Canadian millennials are searching for ways to set aside enough cash for a comfortable retirement. One strategy involves buying dividend-growth stocks inside a TFSA or RRSP and investing the distributions in new shares. This sets off a powerful compounding process that can turn a modest initial sum into a substantial nest egg over time. Which stocks should you own? The best companies tend to have reliable cash flow and strong track records of dividend growth. Let’s take a look at Fortis Inc. (TSX:FTS)(NYSE:FTS) and Canadian National Railway Company (TSX:CNR)(NYSE:CNI) to see why they might be interesting picks. Fortis Fortis owns…
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Canadian millennials are searching for ways to set aside enough cash for a comfortable retirement.
One strategy involves buying dividend-growth stocks inside a TFSA or RRSP and investing the distributions in new shares. This sets off a powerful compounding process that can turn a modest initial sum into a substantial nest egg over time.
Which stocks should you own?
The best companies tend to have reliable cash flow and strong track records of dividend growth.
Fortis owns natural gas distribution, electric transmission, and power generation assets in Canada, the United States, and the Caribbean.
The company has grown over the years through strategic investments, and that trend continues.
Last year, Fortis spent US$11.3 billion to buy Michigan-based ITC Holdings, which was the largest independent transmission company in the United States. That deal came on the heels of the US$4.5 billion purchase of Arizona-based UNS Energy in 2014.
The new assets are contributing as expected, and Fortis plans to raise its dividend by at least 6% per year through 2021.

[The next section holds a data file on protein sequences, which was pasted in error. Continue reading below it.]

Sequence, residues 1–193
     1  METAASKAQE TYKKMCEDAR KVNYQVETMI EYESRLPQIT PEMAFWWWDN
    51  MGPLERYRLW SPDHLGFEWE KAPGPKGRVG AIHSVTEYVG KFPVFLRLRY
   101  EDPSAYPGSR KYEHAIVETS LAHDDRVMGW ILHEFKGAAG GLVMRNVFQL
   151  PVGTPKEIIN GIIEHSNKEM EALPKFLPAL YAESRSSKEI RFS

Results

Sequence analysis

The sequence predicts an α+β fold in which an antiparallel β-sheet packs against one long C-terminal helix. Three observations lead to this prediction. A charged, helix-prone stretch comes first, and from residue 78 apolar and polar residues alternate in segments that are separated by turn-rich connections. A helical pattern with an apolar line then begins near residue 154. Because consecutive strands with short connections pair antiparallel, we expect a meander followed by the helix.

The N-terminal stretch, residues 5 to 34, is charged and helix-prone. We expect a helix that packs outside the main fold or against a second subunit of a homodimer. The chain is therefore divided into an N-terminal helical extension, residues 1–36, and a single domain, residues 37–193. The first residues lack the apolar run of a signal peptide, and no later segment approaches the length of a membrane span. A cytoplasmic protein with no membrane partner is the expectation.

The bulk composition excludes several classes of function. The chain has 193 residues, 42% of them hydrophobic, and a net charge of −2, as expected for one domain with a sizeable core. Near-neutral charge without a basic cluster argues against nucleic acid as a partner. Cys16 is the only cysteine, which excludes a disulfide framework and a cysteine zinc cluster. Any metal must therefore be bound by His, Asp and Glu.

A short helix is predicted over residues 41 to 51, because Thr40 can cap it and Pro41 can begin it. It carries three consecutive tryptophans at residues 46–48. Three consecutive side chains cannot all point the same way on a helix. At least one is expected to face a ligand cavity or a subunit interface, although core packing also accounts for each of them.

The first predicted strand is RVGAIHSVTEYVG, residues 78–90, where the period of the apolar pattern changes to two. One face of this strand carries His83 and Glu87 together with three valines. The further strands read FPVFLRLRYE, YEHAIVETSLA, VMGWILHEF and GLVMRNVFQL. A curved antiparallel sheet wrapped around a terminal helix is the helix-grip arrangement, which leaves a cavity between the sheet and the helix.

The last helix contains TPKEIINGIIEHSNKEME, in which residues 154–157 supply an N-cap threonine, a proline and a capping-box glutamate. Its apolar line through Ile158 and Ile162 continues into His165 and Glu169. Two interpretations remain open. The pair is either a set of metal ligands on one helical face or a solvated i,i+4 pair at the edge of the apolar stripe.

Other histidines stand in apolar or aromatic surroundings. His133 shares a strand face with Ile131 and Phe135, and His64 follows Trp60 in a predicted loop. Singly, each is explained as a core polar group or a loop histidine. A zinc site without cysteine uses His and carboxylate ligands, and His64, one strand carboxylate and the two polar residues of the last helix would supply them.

The company has increased the payout every year for more than four decades, so investors should be comfortable with the guidance.
The stock currently yields 3.5%.
A $10,000 investment in Fortis 20 years ago would be worth about $110,000 today with the dividends reinvested.
CN is literally the backbone of the U.S. and Canadian economies with a rail network that touches three coasts.
The company has a balanced revenue stream supported by business lines serving a number of key market sectors. When one segment has a rough quarter, the other groups tend to pick up the slack.
CN also gets a large part of its earnings from the United States, which provides a nice hedge against any troubles in the Canadian market.
This rail operator generates significant free cash flow, and management does a good job of sharing the profits with investors. CN’s annualized dividend-growth rate is about 16% over the past 20 years.
What about returns?
A $10,000 investment in CN two decades ago would be worth about $240,000 today with the dividends reinvested.
The bottom line
There is no guarantee Fortis and CN will deliver the same results over the next 20 years, but the strategy of owning quality dividend-growth stocks and investing the distributions in new shares is a proven one.
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Fool contributor Andrew Walker has no position in any stocks mentioned. David Gardner owns shares of Canadian National Railway. The Motley Fool owns shares of Canadian National Railway. Canadian National Railway is a recommendation of Stock Advisor Canada.